This change is expected to further protect the creditors of companies and safeguard a fair business environment.

Changes to company establishment and liquidation procedures

Relaxing restrictions on one-person companies

The 2023 Company Law expands the type of company that an individual can open on their own, and the number of companies that a single person can establish.

For instance, it now allows one person to set up a joint-stock company. Under the 2018 Company Law, at least two people are needed to do so.

Specifically, Article 92 says that “To establish a joint-stock company, there shall be at least one and no more than two hundred founding members, and more than half of the founding members must have their domiciles within the territory of the People’s Republic of China.”

This change significantly lowers the entry barriers to starting a business and will provide smaller businesses with the option of starting a joint-stock company, which offers a more flexible financial model.

Simplified deregistration procedures

Article 240 of the 2023 Company Law introduces new “simplified deregistration procedures” for companies that have not incurred any debts during their existence or have paid off all debts. This can only be done upon the commitment of all shareholders.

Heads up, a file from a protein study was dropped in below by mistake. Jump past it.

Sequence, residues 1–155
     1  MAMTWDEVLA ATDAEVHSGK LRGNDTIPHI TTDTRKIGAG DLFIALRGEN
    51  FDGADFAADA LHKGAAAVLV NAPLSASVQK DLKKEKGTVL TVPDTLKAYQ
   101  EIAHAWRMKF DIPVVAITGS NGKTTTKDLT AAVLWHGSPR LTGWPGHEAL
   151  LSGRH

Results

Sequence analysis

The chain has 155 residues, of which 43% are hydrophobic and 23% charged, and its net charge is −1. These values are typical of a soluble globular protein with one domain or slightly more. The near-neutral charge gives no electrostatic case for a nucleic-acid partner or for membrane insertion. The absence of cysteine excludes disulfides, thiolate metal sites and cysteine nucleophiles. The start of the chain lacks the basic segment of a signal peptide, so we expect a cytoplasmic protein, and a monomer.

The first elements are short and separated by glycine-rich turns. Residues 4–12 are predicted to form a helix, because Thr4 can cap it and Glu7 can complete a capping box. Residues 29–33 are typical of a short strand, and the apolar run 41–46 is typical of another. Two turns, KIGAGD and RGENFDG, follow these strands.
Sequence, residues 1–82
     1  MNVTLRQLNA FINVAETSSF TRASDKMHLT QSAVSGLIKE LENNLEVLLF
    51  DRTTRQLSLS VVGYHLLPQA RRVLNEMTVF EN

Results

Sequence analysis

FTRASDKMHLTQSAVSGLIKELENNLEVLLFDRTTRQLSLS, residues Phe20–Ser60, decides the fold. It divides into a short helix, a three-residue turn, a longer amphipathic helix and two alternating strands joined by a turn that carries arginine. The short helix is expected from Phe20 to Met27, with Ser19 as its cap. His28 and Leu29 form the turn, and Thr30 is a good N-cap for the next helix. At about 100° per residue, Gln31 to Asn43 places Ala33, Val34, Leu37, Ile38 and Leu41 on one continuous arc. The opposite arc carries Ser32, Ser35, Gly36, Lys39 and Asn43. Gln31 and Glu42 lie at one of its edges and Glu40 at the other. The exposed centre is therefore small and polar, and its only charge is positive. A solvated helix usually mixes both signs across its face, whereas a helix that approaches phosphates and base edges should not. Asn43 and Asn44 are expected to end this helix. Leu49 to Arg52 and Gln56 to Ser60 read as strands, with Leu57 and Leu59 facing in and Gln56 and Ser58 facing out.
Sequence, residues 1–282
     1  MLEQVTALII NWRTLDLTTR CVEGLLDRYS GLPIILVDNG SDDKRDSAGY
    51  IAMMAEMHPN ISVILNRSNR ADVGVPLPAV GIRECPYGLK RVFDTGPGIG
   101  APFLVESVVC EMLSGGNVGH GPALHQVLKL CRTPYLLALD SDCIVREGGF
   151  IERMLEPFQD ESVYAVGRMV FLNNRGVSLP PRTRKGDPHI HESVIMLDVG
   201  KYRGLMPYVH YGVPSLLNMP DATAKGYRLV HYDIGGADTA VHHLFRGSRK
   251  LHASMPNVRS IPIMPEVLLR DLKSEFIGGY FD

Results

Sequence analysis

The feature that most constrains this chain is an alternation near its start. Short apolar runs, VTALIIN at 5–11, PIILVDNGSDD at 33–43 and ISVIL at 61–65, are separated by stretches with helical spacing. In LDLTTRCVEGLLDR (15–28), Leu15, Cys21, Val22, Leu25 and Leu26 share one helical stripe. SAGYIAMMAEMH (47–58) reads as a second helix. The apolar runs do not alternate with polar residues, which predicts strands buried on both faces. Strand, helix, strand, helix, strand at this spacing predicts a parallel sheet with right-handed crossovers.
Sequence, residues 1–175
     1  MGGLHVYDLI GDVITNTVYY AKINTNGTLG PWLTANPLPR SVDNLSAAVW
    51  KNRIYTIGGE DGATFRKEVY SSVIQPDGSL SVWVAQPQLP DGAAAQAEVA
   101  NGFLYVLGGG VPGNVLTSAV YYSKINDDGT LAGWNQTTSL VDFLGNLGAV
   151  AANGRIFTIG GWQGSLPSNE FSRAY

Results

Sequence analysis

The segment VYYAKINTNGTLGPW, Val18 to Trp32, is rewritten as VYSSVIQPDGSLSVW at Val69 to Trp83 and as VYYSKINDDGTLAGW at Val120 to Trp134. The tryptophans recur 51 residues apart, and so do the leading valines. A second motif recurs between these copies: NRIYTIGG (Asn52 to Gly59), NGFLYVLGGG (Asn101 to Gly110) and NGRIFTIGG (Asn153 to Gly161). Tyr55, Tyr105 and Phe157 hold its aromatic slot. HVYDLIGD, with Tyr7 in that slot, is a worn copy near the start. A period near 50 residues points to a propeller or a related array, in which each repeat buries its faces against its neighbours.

The simplified deregistration procedures are carried out by announcing the deregistration through the National Enterprise Credit Information Disclosure System for a period of at least 20 days. After the expiration of the announcement period, the company may apply to the company registration authority to cancel the company registration within 20 days, if no objection has been received.

Forced deregistration

The 2023 Company Law adds a “forced deregistration” mechanism for companies that are no longer permitted to operate but have not completed deregistration.

Article 241 states that if a company does not complete its liquidation within three years of having its business license revoked or being ordered to close, the company registration authority may move to deregister the company. It will do this by announcing its intention through the National Enterprise Credit Information Publicity System and giving the company a notice period of at least 60 days. If there has been no objection from the company after those 60 days, then the company registration authority can cancel the company’s registration.

In this case, there will be no change to the responsibilities to the original company shareholders and liquidation obligors.

According to an article posted on the NPC website, this forced deregistration mechanism has been added to deal with the prevalence of “zombie companies” in China – companies that are not in operation but cannot exit the market.